Some have seen this as a sign of Mac Bethad's power, others have seen his presence, together with Iehmarc, who may be Echmarcach mac Ragnaill, as proof that Máel Coluim mac Cináeda was overlord of Moray and of the Kingdom of the Isles.[13] Whatever the true state of affairs in the early 1030s, and it seems more probable that Mac Bethad was subject to the king of Alba, Máel Coluim died at Glamis, on 25 November, 1034. The Prophecy of Berchan is apparently alone in near contemporary sources in reporting a violent death, calling it a kinslaying.[14] Tigernan's chronicle says only:
Máel Coluim son of Cináed, king of Alba, the honour of western Europe, died.[15]

Máel Coluim's grandson, Donnchad mac Crínáin, was acclaimed as king of Alba on 30 November, 1034, apparently without opposition. Donnchad appears to have been tánaise ríg, the king in waiting, so that far from being an abandonment of tanistry, his kingship was a vindication of the practice. Previous successions had involved strife between various rígdomna - men of royal blood.[16] Far from being the aged King Duncan of Shakespeare's play, the real Donnchad was a young man in 1034, and even at his death in 1040 his youthfulness is remarked upon.[17]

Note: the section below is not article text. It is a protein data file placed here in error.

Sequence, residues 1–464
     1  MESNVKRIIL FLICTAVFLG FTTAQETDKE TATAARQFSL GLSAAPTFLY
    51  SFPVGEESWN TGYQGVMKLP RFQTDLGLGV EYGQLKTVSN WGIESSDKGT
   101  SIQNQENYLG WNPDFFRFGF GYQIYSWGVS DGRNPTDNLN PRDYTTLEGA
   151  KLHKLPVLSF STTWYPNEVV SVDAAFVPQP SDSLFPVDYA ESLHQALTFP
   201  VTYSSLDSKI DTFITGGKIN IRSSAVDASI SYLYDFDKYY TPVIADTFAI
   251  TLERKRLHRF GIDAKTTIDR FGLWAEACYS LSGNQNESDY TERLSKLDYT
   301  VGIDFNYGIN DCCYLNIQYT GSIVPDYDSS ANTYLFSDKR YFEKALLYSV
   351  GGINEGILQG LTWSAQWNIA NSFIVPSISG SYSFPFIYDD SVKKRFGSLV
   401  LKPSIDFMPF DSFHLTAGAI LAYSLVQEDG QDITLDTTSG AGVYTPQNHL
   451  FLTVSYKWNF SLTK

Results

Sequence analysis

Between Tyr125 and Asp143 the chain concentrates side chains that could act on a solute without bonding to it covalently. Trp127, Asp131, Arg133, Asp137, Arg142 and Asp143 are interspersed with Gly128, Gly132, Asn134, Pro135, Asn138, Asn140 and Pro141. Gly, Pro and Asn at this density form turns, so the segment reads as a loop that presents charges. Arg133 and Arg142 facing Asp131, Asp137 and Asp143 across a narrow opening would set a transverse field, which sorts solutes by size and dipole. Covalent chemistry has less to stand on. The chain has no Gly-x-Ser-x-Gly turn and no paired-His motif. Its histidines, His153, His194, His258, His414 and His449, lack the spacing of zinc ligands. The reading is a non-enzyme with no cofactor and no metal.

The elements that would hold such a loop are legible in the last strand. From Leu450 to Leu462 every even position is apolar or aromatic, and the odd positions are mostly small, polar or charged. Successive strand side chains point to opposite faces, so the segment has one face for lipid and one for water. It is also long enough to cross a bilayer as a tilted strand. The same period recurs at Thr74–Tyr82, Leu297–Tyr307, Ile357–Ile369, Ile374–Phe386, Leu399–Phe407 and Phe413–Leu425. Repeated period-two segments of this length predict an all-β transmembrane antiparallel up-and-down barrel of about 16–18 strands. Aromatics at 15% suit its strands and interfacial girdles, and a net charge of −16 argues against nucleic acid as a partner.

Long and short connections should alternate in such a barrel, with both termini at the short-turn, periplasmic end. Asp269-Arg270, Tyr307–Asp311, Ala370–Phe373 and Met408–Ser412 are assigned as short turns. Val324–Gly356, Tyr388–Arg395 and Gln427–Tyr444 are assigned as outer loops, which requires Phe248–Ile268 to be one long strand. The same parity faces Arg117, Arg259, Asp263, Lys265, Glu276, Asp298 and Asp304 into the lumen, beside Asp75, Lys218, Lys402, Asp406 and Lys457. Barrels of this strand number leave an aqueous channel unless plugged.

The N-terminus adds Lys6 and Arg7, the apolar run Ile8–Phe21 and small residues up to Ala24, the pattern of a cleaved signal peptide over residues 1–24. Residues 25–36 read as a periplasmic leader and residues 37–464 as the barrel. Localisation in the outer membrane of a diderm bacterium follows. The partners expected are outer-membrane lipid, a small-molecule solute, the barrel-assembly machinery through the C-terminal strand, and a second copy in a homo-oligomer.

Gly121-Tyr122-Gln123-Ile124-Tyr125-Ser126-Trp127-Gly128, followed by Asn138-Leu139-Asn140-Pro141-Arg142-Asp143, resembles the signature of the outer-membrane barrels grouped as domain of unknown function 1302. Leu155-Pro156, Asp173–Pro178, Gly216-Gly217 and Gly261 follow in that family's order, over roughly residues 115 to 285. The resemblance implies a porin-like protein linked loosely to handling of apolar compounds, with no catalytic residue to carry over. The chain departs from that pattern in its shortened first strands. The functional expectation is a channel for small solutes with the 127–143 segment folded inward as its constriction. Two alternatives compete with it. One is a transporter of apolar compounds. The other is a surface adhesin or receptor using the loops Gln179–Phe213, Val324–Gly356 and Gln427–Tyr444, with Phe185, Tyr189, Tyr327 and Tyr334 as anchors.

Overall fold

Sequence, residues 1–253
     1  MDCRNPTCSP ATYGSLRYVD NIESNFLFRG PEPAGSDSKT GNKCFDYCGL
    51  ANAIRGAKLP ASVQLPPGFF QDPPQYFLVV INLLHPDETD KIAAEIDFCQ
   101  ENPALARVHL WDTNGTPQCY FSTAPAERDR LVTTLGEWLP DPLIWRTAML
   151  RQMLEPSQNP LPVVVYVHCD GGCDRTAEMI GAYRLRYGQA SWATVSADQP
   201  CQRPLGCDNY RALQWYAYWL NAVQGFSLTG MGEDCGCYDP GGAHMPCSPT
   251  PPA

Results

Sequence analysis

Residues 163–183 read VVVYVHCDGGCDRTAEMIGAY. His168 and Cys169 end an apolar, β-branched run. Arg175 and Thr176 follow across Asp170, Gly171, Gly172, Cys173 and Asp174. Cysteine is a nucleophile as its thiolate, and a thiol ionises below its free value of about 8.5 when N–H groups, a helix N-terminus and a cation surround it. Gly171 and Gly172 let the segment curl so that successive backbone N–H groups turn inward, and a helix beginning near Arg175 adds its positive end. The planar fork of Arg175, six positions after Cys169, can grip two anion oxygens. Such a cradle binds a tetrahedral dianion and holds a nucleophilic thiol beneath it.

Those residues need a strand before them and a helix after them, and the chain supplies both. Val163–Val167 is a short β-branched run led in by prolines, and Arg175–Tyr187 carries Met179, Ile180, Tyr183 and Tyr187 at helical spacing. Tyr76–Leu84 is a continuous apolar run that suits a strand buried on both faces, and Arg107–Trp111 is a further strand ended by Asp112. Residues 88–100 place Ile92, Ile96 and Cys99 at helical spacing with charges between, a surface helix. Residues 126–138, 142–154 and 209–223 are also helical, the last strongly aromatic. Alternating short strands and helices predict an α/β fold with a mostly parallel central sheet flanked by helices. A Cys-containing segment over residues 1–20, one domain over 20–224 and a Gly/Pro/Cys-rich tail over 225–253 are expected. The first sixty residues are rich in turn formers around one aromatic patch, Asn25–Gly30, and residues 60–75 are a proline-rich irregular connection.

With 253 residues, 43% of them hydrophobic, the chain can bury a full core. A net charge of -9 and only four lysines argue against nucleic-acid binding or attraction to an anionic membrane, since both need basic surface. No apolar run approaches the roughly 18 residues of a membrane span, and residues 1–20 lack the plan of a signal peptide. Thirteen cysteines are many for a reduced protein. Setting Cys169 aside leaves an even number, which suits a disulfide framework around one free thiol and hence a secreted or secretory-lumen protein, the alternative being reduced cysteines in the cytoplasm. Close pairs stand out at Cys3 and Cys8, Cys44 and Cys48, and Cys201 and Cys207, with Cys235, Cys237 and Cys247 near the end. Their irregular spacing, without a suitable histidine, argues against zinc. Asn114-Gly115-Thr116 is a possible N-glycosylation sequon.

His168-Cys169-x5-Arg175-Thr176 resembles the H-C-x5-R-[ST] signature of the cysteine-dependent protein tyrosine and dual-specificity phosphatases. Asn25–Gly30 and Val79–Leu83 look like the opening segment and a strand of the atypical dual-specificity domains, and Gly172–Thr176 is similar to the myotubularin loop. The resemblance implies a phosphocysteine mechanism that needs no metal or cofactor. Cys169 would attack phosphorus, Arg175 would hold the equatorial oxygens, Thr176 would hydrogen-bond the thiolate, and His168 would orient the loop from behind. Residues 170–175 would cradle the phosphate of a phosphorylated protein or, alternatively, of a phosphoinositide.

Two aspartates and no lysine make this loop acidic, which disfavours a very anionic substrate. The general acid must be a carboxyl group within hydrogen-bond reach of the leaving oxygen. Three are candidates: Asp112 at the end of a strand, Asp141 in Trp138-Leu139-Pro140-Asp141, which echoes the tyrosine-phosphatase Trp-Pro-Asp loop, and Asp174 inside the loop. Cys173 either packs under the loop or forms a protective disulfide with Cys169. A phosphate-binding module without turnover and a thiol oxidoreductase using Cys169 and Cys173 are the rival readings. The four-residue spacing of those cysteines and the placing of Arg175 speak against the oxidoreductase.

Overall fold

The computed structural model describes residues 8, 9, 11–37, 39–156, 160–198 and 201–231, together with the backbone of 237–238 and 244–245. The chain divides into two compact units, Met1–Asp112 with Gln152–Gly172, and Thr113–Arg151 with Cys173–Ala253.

Perhaps due to his youth, Donnchad's early reign was unremarkable. His later reign, in line with his description as "the man of many sorrows" in the Prophecy of Berchán, was not successful. In 1039, Strathclyde was attacked by the Northumbrians, and a retaliatory raid led by Donnchad against Durham in 1040 turned into a disaster. Later in 1040, Donnchad led an army into Moray, where he was killed by Mac Bethad on 15 August, at Pitgaveny near Elgin.[18]

High-King of AlbaEdit

On Donnchad's death, Mac Bethad became king. No resistance is known at this time, but it would be entirely normal if his reign were not universally accepted. In 1045, Donnchad's father Crínán was killed in a battle between two Scots armies.[19]